41

UNCLASSIFIED

UNCLASSIFIED
the list before you find a project that you can begin immediately. The Base Commander's question, of course, is 'Why aren't you working on priorities 1-9?' Thus you must explain the nature of your problems and the implications. If the Wing Commander is well informed of these various problems and the status of these projects, then it is a little easier for him to accept the delay. If, however, a squadron or detachment appears to be arbitrarily jumping around on the priorities without keeping the Commander informed, he can become very unhappy, and I say justly so. "When we (RED HORSE) initially deployed to Vietnam, we had a very definite list of priorities. At Phan Rang and Cam Ranh Bay, for example, we helped the contractor finish the airfield, we worked with the contractor to put down the AM-2 runway, taxiway, and then proceededI from this to behind-the-line facilities in direct support of the flying mission. "If initially the Wing or Base Commander has this capability available to him there is every reason to believe, as we review the projects going on today for example, that the more critical items would never be accomplished or else would be accomplished long after they were needed. There is a point in time when BXs, recreation facilities, Officers Clubs--facilities which we call 'nice to have' items are needed and can be built. The question is: 'Do we construct this type of facility in lieu of the kinds of facilities needed to keep the aircraft flying?' "When I go back and view the period of time when I was here (SEA) three years ago, I find that there were many projects considered urgent at the time which today have not been accomplished. For example, hard core power requirements and some road requirements. At many of the bases, we are still attempting to complete utility projects such as providing a good source of water and sewage treatment. "One of our major, and one of our oldest, operating bases today does not have a complete water system to service the base. One of our major installations is still rationing water. Yet we had in RED HORSE, if the priorities had been properly assigned, the capability to accomplish these things two or three years
ago.

"Another of the things I'm concerned about is a recent change in the supply system. We have developed a very good system called BOM (Bill of Materials) which has been programned on a 42

I
I

UNCLASSIFIED

II

UNCLASSIFIED
quarterly basis to support the types of programs which
have been assigned to RED HORSE. September will be

the last month Now we will be which programs type of system we do.

in which RED HORSE will receive a BOM. integrated with a Base Supply System on the basis of past requirements. This may not be responsive to the kind of work

"A further problem is in the area of logistics and vehicle maintenance. The system for identifying standards for use and condition of vehicles developed by AFLC is appropriate to a peacetime situation but may not be realistic in terms of the mission in SEA. The age of a vehicle, for example, cannot really be judged on a purely chronological basis. Utilizing a two shift, 20-hour work day in some cases., we use vehicles two or three times as much as in a given time in the states. Further, the terrain is rougher and other factors of the environment in SEA make the number of miles on a vehicle also a questionable indicator or standard of expected use. Where the AFLC may provide a standard of five or six years for the utilization of a vehicle, we may get only a third of that time. "In answer to critics who say that RED HORSE units should be integrated with other base units, I submit that this kind of integration is contrary to the entire philosophy of RED HORSE as a fully mobile and self-sufficient unit. To accomplish its given mission, it must retain a degree of autonomy. When these units deploy to the field, leaving the home base, let's say, they do work together, live together, play together, if you will, and a comradeship develops which is quite similar to some of our tactical fighting units. I certainly would not do anything to detract from this kind of unit integrity. "Looking ahead toward a peacetime mission, I think it would be disastrous if we did not have planning going on at the present time in the various parts of the world where they have been approved for stationing purposes to have a program ready for them on moments notice. "Such a program might be very similar to those we have in the United States which we call BEMAR or MERP programs. MERP being Minimum Essential Repair Program and BEMAR being Base Essential Repair Program. It might be that the application of RED HORSE assets toward reducing the amount of projects and funds needs in this area (overseas) would be a good program.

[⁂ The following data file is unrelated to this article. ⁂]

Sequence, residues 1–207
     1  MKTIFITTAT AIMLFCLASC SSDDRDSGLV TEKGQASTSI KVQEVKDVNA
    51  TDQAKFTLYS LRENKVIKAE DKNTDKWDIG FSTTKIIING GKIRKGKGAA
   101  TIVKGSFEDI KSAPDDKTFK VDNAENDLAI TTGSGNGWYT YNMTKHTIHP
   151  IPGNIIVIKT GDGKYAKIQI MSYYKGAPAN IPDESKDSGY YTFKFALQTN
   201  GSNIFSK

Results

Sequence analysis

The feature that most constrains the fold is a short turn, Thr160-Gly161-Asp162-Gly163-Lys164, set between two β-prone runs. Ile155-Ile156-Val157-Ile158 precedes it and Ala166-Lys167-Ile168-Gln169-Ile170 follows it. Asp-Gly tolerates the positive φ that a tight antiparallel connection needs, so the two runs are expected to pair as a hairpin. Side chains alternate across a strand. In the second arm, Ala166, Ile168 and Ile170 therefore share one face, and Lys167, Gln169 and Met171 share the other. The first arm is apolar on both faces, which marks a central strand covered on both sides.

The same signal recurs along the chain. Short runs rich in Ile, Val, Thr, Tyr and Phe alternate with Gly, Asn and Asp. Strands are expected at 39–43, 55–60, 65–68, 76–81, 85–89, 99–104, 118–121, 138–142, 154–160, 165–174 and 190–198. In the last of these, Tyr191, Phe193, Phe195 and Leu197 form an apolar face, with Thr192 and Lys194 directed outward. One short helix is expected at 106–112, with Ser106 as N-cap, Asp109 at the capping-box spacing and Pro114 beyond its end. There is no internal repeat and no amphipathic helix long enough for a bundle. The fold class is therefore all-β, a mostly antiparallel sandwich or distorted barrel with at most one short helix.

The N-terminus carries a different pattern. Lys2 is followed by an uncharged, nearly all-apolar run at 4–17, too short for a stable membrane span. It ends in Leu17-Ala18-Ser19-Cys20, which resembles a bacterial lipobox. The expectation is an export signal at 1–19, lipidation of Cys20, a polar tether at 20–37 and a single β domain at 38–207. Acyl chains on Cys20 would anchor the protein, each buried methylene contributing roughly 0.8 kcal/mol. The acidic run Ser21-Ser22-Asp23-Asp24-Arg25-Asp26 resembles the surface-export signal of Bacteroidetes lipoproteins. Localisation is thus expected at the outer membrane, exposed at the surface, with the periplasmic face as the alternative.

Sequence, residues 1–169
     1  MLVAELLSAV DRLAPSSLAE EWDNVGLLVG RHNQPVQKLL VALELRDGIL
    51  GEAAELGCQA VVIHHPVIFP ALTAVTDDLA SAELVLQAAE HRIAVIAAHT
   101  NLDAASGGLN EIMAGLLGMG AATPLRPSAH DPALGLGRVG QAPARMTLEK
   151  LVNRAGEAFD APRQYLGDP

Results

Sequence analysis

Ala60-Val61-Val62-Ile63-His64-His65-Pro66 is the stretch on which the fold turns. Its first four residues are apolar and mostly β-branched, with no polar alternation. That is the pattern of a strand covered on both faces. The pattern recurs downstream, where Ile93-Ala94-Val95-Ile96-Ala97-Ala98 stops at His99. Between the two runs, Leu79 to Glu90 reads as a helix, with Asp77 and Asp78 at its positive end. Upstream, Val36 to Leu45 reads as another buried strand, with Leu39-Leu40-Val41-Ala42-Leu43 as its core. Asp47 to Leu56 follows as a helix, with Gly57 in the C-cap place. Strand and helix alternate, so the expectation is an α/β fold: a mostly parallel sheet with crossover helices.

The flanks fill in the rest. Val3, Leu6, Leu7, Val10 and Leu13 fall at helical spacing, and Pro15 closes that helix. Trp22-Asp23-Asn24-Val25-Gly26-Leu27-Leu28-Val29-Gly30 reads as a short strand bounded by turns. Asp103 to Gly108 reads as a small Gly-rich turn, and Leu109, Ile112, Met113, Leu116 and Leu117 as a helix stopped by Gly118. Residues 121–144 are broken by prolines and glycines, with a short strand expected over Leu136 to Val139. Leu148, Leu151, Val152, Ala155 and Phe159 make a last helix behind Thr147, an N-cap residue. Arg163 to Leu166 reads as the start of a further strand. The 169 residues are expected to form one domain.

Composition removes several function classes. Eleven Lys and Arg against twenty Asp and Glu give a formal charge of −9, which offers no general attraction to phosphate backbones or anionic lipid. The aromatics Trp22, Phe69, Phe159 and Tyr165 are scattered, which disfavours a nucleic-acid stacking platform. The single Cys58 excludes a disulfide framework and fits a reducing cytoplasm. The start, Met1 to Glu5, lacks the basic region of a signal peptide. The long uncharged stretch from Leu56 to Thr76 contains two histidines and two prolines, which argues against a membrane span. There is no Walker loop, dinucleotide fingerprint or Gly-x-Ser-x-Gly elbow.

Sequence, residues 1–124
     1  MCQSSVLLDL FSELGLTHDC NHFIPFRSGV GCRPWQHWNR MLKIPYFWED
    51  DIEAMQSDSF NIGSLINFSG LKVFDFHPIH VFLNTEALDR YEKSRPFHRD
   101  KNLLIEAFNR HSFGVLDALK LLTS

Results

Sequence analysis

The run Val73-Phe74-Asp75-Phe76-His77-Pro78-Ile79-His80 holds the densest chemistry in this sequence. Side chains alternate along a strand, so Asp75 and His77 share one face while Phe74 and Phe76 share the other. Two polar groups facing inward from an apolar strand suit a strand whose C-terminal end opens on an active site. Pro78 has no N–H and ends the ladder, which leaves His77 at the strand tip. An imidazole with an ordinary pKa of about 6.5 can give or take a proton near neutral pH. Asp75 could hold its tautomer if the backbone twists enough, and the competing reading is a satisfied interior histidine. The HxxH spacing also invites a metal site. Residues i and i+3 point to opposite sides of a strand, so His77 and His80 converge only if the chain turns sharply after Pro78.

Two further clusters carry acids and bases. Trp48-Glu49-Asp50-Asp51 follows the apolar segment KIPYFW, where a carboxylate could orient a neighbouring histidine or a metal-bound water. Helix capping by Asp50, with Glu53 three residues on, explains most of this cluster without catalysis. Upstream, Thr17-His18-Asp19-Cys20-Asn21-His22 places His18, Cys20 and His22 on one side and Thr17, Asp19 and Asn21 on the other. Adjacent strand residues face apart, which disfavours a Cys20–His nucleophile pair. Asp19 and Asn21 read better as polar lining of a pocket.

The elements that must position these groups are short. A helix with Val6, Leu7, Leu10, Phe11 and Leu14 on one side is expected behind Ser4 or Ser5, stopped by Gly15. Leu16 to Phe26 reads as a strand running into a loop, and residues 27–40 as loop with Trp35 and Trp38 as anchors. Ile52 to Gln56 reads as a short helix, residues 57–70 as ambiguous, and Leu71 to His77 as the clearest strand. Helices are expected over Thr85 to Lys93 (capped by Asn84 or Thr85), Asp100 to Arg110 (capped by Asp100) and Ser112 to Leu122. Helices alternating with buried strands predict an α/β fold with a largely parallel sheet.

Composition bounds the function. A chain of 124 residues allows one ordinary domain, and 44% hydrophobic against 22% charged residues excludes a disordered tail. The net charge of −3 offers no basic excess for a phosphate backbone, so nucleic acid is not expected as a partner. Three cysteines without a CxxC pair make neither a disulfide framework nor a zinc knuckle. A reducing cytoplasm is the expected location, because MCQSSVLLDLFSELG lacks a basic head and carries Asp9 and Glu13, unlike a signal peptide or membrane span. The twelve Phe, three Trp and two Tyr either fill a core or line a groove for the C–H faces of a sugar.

1-

43

UUNCLASSIFIED

UNCLASSIFIED
"At the same time, I know, there will be an assessment made of the entire philosophy of RED HORSE operations. I am becoming more convinced that there should be a kind of three-phase program. Initially, there has to be a hard core, approved program which may necessitate moving RED HORSE units around, maintaining a home base. Then after perhaps a year, there might be a military/contractor mix--this being the second phase. At that period, the squadrons and bases would become a little more stable. Finally, and this is something which has not been resolved today in Vietnam, the question arises: 'When do we begin to phase RED HORSE units out?' If there is not a plan, coupled with approved construction programs which designates that at some point in time RED HORSE units can be withdrawn, then we begin to construct second generation facilities. A decision must be made at a point other than at Base level, as to whether these facilities are really required or if RED HORSE units might be better utilized at another location. I think perhaps we are rapidly approaching this point in Vietnam."